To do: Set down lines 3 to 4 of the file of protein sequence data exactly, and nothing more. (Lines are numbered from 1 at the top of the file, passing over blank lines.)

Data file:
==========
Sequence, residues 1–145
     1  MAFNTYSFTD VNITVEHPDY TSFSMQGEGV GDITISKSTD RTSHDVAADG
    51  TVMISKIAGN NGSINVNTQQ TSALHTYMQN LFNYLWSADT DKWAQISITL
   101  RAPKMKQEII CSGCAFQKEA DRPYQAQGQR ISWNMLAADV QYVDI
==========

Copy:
    51  TVMISKIAGN NGSINVNTQQ TSALHTYMQN LFNYLWSADT DKWAQISITL
   101  RAPKMKQEII CSGCAFQKEA DRPYQAQGQR ISWNMLAADV QYVDI